Differentially accessible (DA) chromatin regions were also compared across stem cells from control(RNAi) versus either brg1(RNAi) or smarcc2(RNAi) animals. There were 5511 and 5575 DA peaks in brg1(RNAi) or smarcc2(RNAi) contexts compared to control(RNAi), respectively (FDR < 0.05). Of the ~5500 differentially accessible peaks, 4465 were shared between brg1(RNAi) (81% of DA peaks) and smarcc2(RNAi) (80% of total DA peaks) (Fig. 3E, Additional file 6). Of the 4456 shared DA peaks, 4244 (95%) were less accessible (Fig. 3F), consistent with the BAF complex being an opener of chromatin. DA peaks were assigned to their closest genes as putative cis-regulatory regions: 48% of DA peaks were within 1kb of the predicted transcription start site (TSS), and an additional 18% of DA peaks were within 1–3kb of the TSS. Further, 25% of DA peaks were intronic, and minor proportions were associated with 5′ or 3′ UTRs, exons, proximal downstream (3′ to the transcript), or distal intergenic (>3kb away) (Fig. 3G). Neoblast transcripts, including piwi-1 and bruli , remained accessible in all conditions, supporting the phenotypic observations that stem cell maintenance itself is not changed with disruption of the BAF complex (Fig. 3H). Additionally, σ-neoblasts, a subtype of neoblasts capable of self-renewal with broad lineage capacity , were present at similar levels in control, brg1, or smarcc2 RNAi contexts (Additional file 7A).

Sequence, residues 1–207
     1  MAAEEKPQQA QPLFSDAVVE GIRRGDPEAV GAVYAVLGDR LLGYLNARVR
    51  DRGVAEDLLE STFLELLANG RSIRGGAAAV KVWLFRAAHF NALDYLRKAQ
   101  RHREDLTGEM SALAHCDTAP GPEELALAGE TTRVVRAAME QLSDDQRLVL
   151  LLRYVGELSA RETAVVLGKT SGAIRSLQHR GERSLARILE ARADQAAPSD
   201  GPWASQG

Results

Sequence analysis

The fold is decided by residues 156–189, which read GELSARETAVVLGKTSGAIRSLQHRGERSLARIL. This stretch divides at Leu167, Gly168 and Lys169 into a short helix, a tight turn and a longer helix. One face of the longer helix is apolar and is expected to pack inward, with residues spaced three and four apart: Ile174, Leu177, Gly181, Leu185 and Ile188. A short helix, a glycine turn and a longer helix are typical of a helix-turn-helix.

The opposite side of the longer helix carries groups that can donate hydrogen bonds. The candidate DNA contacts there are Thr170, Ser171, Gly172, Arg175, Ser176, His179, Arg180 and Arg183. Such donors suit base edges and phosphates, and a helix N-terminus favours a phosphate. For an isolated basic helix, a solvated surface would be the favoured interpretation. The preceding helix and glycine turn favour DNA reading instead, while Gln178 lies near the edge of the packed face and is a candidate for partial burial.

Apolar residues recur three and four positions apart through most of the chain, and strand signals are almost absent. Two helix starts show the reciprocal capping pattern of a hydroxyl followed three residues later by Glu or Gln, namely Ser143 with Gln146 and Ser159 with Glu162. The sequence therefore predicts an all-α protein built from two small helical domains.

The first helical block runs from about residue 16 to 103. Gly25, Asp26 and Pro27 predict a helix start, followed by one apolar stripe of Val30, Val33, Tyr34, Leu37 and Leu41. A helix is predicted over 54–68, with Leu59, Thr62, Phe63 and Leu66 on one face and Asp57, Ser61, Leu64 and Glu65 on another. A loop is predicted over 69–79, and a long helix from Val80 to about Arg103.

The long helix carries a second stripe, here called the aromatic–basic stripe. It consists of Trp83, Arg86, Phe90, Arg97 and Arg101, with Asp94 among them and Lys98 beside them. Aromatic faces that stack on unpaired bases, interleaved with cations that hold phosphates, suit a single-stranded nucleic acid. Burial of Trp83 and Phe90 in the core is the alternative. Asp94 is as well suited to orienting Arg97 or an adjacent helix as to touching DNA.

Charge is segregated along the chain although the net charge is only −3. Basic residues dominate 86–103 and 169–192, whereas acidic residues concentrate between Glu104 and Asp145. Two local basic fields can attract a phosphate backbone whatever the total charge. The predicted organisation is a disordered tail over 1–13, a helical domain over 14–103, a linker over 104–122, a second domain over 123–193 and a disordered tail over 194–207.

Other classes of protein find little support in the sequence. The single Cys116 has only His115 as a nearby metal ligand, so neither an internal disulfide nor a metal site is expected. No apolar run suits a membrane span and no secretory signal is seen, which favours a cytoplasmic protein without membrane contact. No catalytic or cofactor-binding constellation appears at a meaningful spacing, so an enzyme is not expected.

When trying to reconcile whether changes in transcript abundance correlated with changes in chromatin accessibility at their genomic loci in stem cells, we found that the 4465 shared DA peaks were associated with 3945 unique transcripts. Of these transcripts, 497 were determined to be dysregulated by RNAseq, totalling ~27% (497/1829) of all transcripts with significantly altered expression in stem cells in both brg1 and smarcc2 RNAi conditions (Additional file 7B). That is, a large fraction of transcripts that were downregulated in both brg1 and smarcc2 stem cells had putative regulatory regions that became less accessible at the chromatin level. DA peaks within 1kb to putative TSS’s of genes more frequently resulted in downregulation of the associated transcripts (20.6% of DA peaks) than DA peaks at other locations (12.2% of DA peaks) (Additional file 7C). Furthermore, downregulated genes with DA peaks within 1kb of the TSS were downregulated to a greater degree (average −2.57 log2 fold) compared to those in other locations (average −1.96 log2 fold) (Additional file 7D). Together, the RNA and ATAC sequencing data support a conserved role for the BAF complex in opening chromatin to facilitate transcription. We next examined how changes in chromatin accessibility to known fate-specific TFs could explain the cellular phenotypes that occur in brg1 or smarcc2 RNAi animals.
The BAF complex is not required for gamma neoblasts nor gut lineages (endoderm)